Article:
“Scientists at the University of East Anglia (UEA) Have Admitted Throwing Away Much of the Raw Temperature Data on Which Their Predictions of Global Warming Are Based”

So reports the Sunday Times (London). The data apparently got “dumped to save space when the CRU [Climate Research Unit] moved to a new building,” “in the 1980s, a time when climate change was seen as a less pressing issue.” Only the adjusted data, adjusted based on decisions by the CRU scientists, has been kept.

I have no knowledge about the underlying science of global warming, though scientists I know of generally seem quite convinced by the claims that human activity has caused global warming, and is likely to cause much more dangerous amounts in the future. I’m usually inclined to defer to such a consensus among serious scientists, precisely because they know vastly more about the subject than I do.

But it seems to me that the destruction of the raw data is a very serious problem, and a sign of a remarkably lackadaisical attitude — and that it doesn’t take a climate scientist to so conclude. Unless I’m mistaken, people were talking about the possibility of global warming and the need to take expensive action to combat global warming even in the 1980s; one would think that data relevant to such an important issue wouldn’t get thrown out. But even before it was obvious that calls for action with multi-trillion-dollar economic effects would be based on the data, how can a serious scientific research organization destroy the raw, unedited data on which its major research program rests?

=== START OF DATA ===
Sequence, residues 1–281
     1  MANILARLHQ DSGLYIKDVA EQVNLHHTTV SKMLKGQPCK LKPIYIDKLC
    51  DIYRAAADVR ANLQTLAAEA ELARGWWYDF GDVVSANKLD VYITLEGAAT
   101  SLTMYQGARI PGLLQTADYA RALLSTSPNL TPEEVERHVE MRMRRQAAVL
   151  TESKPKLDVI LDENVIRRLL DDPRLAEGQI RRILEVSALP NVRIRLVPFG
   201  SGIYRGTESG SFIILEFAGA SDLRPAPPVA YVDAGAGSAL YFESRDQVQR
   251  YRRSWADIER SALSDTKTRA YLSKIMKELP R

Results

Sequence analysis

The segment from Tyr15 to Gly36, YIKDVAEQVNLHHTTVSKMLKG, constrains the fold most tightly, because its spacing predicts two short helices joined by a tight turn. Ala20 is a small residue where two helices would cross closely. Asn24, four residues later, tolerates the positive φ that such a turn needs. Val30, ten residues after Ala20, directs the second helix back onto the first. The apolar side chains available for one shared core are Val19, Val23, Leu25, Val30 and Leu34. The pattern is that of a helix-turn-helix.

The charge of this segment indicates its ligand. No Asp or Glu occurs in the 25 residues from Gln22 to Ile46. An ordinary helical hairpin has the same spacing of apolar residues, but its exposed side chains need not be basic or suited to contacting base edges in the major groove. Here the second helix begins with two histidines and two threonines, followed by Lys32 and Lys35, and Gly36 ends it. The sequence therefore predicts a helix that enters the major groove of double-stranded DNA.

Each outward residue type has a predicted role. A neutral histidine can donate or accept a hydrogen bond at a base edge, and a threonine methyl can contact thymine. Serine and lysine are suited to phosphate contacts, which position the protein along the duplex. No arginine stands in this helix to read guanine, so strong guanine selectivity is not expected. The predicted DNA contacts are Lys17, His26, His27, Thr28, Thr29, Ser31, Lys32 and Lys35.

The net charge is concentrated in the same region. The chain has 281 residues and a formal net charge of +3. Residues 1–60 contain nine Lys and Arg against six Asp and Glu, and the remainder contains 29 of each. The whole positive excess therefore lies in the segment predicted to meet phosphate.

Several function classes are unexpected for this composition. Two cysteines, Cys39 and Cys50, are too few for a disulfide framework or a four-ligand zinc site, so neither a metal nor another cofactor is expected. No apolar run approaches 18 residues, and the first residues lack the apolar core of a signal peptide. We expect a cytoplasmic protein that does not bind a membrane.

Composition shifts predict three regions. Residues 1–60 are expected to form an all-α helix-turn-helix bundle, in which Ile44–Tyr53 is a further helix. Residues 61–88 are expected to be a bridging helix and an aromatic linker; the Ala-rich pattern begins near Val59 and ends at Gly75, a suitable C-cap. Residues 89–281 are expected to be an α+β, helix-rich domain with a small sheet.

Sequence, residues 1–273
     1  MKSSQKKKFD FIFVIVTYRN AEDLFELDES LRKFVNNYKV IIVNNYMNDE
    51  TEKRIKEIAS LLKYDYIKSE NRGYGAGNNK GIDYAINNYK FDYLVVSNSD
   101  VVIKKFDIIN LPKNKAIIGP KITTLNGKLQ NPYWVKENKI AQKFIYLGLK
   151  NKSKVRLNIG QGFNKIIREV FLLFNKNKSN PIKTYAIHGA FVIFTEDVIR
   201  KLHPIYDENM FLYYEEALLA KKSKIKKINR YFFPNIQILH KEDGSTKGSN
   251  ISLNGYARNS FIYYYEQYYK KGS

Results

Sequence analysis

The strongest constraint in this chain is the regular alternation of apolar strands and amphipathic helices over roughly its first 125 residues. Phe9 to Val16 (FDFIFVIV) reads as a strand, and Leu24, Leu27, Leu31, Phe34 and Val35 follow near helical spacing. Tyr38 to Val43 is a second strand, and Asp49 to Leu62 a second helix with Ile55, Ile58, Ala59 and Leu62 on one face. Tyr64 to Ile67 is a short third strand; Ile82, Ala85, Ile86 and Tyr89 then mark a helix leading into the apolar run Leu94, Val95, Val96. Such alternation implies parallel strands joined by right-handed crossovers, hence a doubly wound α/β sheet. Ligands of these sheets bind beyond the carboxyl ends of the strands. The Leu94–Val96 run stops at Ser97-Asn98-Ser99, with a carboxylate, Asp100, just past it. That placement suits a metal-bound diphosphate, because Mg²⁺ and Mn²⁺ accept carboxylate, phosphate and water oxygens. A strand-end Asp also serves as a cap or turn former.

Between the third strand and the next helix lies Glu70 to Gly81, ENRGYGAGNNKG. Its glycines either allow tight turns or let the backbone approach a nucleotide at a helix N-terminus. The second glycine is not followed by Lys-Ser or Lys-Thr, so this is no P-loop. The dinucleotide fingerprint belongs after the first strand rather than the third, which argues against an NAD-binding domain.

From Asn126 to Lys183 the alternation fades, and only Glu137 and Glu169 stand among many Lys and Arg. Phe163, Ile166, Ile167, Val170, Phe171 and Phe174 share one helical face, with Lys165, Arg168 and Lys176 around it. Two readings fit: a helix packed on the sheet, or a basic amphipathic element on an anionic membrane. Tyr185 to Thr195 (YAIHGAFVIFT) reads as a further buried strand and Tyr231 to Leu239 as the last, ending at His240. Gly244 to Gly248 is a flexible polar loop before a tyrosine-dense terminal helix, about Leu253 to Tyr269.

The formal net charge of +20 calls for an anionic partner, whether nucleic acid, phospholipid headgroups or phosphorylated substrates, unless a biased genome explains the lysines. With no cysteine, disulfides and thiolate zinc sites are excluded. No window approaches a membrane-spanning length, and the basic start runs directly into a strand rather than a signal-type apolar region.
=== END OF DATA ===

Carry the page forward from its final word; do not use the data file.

Surely the value of the raw data should be obvious. Even if the adjustments seem sound at the time, scientists must recognize that even they themselves might later conclude that some of the adjustments are imperfect, and that better ones should be applied. And of course there’s the possibility that other scientists might challenge the adjustments as invalid, and would want to examine the raw data to see where it points using rival adjustment approaches. What’s going on in the scientific world if this sort of destruction of important raw scientific databases is happening? Plus, according to the Times, “The UEA’s Climatic Research Unit (CRU) was forced to reveal the loss following requests for the data under Freedom of Information legislation” — can it really be that only legal demands have caused this important fact to be revealed? Or is there something here that I’m missing?

I should acknowledge, by the way, that the lost data acknowledgment isn’t entirely new; I suspect that it’s the controversy about the released e-mails that is bringing it up again — and I know that I didn’t pay much attention to the lost data matter until the e-mails were released. Still, putting things together makes it look like far less care than one would expect is being taken with this obviously important subject.

Thanks to InstaPundit for the pointer.